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On one R & R ,I sand blasted all the cast alum with worn out sand .The color and finish all matched very well and with the clean plastic stock parts the engine bay looked as good as new, maybe better . The customer was very happy . I did remove alot of the casting seams that were easy to see before blasting . I did the alternator and air pump as well .
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Old 01-19-08, 01:14 AM
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I used simple green on various parts. When I did a write up a while back, ppl were surprised how clean the turbos looked. It's said to watch out for certain finishes (like paint), but I never had any problems. Good luck! Lets see that clean engine bay when ur done!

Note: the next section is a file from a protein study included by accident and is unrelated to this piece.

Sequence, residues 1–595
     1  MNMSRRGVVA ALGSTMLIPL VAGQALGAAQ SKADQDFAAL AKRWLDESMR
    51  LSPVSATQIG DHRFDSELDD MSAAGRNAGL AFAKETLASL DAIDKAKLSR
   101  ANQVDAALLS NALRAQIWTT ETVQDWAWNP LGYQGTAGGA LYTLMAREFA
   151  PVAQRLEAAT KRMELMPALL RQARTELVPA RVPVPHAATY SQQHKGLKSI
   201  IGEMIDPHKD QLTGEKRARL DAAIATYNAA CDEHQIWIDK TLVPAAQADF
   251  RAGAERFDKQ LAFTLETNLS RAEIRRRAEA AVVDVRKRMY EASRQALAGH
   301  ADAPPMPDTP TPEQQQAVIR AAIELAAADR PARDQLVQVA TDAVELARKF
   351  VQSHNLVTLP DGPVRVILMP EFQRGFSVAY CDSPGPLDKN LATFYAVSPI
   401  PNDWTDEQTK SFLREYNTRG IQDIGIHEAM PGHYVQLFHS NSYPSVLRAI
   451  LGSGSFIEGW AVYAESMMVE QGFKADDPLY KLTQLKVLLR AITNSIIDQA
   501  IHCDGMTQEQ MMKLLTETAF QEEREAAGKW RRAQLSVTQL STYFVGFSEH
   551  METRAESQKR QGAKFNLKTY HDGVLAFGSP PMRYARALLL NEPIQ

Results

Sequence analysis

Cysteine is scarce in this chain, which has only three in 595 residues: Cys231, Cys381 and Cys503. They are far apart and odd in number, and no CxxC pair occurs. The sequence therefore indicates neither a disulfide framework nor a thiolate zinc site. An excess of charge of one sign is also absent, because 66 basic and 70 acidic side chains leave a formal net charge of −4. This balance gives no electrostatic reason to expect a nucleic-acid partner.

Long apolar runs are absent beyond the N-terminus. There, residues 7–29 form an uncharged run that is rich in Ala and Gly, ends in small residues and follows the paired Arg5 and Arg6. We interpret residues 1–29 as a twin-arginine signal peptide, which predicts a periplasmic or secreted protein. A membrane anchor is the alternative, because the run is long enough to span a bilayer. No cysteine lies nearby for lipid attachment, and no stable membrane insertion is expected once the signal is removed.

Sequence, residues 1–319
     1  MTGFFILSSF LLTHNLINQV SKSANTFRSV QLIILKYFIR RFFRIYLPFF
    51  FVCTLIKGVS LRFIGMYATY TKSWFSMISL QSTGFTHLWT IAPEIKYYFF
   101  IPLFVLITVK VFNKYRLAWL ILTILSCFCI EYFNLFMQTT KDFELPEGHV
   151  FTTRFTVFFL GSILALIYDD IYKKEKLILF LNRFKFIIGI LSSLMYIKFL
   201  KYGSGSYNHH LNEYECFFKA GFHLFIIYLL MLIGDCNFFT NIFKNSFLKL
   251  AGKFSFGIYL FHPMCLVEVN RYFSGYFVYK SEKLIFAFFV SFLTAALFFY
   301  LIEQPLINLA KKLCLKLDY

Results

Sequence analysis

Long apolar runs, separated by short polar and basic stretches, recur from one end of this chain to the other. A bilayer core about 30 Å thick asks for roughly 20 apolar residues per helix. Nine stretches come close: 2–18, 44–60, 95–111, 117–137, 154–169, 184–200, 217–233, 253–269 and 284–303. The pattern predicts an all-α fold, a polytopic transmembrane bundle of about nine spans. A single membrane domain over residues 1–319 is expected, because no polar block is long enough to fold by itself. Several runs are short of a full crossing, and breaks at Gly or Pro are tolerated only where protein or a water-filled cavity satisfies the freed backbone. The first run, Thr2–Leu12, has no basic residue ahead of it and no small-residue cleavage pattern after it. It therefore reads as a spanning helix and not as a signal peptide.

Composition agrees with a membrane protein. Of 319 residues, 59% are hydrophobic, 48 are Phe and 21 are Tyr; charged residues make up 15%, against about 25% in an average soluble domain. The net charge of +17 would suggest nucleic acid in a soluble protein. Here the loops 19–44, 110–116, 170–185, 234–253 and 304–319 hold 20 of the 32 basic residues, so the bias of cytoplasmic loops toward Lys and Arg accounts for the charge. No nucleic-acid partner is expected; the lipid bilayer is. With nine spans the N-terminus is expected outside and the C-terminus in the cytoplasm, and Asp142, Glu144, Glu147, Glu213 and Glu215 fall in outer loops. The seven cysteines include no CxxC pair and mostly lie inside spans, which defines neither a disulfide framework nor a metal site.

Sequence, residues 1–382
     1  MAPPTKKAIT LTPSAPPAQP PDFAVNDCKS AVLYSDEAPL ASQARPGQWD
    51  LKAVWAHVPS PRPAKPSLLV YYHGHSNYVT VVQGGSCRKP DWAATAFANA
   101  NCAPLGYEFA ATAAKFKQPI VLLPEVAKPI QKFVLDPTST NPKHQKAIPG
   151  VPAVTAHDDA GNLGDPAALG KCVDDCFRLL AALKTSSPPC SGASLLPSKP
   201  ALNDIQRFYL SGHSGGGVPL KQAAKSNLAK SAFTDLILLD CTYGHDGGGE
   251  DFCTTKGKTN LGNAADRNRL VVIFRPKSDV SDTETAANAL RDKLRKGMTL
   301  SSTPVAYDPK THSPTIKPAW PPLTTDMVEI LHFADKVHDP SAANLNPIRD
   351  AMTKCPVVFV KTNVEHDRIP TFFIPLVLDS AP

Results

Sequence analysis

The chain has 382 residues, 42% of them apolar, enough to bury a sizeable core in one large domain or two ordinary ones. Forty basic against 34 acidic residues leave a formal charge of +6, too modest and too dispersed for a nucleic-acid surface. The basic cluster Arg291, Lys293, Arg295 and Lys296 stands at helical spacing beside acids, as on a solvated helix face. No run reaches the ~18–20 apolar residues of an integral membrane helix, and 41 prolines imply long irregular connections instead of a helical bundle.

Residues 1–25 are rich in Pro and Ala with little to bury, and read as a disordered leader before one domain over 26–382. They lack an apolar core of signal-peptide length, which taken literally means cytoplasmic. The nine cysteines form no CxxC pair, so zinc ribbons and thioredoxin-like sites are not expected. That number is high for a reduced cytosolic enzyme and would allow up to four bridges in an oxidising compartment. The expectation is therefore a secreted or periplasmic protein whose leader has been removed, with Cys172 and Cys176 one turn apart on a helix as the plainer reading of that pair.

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Old 01-19-08, 01:29 AM
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Originally Posted by IamRobbyah View Post
I used simple green on various parts. When I did a write up a while back, ppl were surprised how clean the turbos looked. It's said to watch out for certain finishes (like paint), but I never had any problems. Good luck! Lets see that clean engine bay when ur done!
Simple Green will oxidize polished Aluminum surfaces.

just to let you know.
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Old 01-19-08, 01:41 AM
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Old 01-19-08, 02:01 AM
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bead blast it, paint and clear it.